"New Frontiers in Open Innovation" now published
The latest book in open innovation, New Frontiers in Open Innovation (ISBN: 978-0-19-968246-1) is now published by Oxford University Press. The book is edited by Henry Chesbrough, Wim Vanhaverbeke, and Joel West, and it follows up the Open Innovation: Researching a New Paradigm, published in 2006.
The Exnovate website also presents an overview of the book, including links to the PDFs of the pre-print versions of all chapters. Joel West has also published a nice overview of the book on his website, including a table of contents.
Chapter 1 of the book (see here for PDF) is written by Henry Chesbrough and Marcel Bogers, and it provides an overview of the academic literature that has arisen since the publication of the original Open Innovation book in 2003. The chapter discusses a number of aspects related to open innovation, including its conceptualization, and it proposes an updated definition of open innovation as "a distributed innovation process based on purposively managed knowledge flows across organizational boundaries, using pecuniary and non-pecuniary mechanisms in line with the organization's business model" (page 17).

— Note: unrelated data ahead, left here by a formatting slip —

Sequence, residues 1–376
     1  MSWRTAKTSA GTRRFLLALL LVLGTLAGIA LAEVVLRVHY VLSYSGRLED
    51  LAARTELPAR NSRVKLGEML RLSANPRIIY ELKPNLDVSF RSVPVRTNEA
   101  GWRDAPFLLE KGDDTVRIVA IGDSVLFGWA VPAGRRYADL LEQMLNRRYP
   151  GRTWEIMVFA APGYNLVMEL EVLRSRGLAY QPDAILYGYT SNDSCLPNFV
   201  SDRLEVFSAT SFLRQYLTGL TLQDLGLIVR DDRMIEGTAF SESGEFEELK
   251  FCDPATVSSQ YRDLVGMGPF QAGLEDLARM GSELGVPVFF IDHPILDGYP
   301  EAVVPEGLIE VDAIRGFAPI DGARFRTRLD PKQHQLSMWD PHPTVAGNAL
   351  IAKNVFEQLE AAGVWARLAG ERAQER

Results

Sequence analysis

The complete abstract of the chapter is as follows:
"In this chapter, we explore the growth, scope and impact of the academic literature that has arisen since the publication of Open Innovation back in 2003. Moreover, we further clarify and develop the conceptualization of open innovation, which we define as a distributed innovation process based on purposively managed knowledge flows across organizational boundaries, using pecuniary and non-pecuniary mechanisms in line with the organization's business model. On this basis, we then discuss divergent views on open innovation and we call for greater consistency in future research. Next, we address some of the critiques on the notion and development of open innovation as they have emerged in the literature so far. Finally, we consider the progress open innovation research has made, relative to the research agenda identified in Chesbrough, Vanhaverbeke, and West (2006), and extend the possible research subjects and units of analysis."